A spell of hot weather has led to a rise in cabbage stem flea beetle (CSFB) activity, leaving newly emerging crops vulnerable to attack.
Increased flea beetle activity has been reported up and down eastern regions of the UK, from East Anglia up to the Scottish Borders and so growers are advised to monitor newly emerging oilseed rape (OSR) crops closely for signs of damage.
The activity of the pest seems to be increasing along with temperatures and as drilling continues into drying soils, OSR sown in the next few days could be at risk of damaging attacks, according to Frontier crop production specialist, Paul Cartwright.
He says: “Although early drilled crops have grown readily in moist seedbeds and little or no damage has been reported, there are signs that seed being drilled now into drier seedbeds may face a more challenging time.
“There is clear evidence of growing flea beetle activity this week and that means that crops sown in the main drilling window (mid–late August onwards) are likely to encounter higher grazing pressure as they emerge.”
Out on farm, many growers are reporting flea beetle damage...
Growers that are yet to drill their OSR, are advised to promote early crop growth using nutrition, good seedbed preparation, adequate consolidation and biostimulant applications where possible.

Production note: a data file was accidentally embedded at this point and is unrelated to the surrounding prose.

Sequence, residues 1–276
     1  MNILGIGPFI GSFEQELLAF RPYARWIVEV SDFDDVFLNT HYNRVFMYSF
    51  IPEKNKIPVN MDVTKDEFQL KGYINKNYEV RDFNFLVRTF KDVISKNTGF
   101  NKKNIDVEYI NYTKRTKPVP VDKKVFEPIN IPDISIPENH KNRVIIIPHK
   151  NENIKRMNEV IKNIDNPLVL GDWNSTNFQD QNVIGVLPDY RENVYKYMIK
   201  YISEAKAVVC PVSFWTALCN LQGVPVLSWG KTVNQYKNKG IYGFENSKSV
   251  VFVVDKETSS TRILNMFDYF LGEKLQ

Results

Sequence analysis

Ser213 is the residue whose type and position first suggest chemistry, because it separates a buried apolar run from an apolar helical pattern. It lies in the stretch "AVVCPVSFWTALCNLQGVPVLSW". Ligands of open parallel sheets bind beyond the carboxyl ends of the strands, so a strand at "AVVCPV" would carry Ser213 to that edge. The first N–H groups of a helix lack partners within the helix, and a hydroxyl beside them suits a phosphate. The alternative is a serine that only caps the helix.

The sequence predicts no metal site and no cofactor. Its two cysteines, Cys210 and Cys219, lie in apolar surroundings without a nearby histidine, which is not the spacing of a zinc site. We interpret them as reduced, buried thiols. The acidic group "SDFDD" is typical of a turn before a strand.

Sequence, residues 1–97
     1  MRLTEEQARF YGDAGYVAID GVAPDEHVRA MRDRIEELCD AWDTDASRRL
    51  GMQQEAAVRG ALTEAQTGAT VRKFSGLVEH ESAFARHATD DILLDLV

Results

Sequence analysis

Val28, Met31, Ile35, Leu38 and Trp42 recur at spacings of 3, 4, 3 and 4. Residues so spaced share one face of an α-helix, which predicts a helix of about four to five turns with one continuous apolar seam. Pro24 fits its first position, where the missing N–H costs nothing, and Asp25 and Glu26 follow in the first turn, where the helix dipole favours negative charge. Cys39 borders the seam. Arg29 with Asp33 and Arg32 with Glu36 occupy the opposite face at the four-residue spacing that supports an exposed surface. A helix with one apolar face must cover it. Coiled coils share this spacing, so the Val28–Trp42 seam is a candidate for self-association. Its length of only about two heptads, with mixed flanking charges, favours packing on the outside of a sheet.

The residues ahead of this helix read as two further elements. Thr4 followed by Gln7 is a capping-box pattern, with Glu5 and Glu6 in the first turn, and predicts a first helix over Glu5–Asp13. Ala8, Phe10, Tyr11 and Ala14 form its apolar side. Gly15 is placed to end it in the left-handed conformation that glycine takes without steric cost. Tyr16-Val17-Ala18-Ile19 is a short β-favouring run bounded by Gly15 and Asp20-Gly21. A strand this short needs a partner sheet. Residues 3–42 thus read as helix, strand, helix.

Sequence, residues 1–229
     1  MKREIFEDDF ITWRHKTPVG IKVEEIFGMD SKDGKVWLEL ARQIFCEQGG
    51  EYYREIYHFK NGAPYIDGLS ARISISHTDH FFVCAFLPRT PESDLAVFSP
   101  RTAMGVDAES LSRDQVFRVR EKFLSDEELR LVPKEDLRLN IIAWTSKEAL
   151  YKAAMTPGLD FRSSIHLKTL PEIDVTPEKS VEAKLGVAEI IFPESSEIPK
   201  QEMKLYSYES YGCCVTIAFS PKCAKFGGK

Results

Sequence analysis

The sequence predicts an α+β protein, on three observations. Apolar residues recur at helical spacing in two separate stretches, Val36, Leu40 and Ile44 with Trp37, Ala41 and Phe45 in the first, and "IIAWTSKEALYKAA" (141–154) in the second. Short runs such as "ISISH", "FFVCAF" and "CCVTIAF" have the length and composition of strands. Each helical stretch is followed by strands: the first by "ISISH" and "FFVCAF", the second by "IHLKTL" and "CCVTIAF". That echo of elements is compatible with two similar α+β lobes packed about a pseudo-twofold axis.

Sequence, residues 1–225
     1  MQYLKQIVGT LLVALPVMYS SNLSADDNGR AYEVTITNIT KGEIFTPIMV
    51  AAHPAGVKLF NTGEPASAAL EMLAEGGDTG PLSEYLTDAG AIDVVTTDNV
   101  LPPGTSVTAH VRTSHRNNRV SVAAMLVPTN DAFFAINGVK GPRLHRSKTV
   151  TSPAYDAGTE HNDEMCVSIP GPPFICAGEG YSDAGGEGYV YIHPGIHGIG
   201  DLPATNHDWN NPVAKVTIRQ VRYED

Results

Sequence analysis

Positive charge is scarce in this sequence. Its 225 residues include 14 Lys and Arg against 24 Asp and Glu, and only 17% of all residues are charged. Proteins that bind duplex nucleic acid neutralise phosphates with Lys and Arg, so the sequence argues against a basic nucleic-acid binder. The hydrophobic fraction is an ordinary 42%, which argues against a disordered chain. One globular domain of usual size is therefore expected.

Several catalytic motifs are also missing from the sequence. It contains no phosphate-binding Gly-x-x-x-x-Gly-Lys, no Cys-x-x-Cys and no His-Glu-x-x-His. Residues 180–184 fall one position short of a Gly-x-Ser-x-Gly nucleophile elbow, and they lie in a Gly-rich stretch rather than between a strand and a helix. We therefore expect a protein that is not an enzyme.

Mr Cartwright says: “The first few weeks of establishment are an anxious but important time for all of us involved in OSR management but prevention – in the form of good establishment - is always better than cure in the fight against the flea beetle.”
An AHDB funded project has recently found the pyrethroid resistance in CSFB is widespread in the East, with further resistant populations detected in Yorkshire and the South. It is therefore vital that pyrethroids are used at full rates and only when thresholds are exceeded to minimise the development of further resistance, according to ADAS.
Treatment thresholds currently advise that is a spray is only necessary if: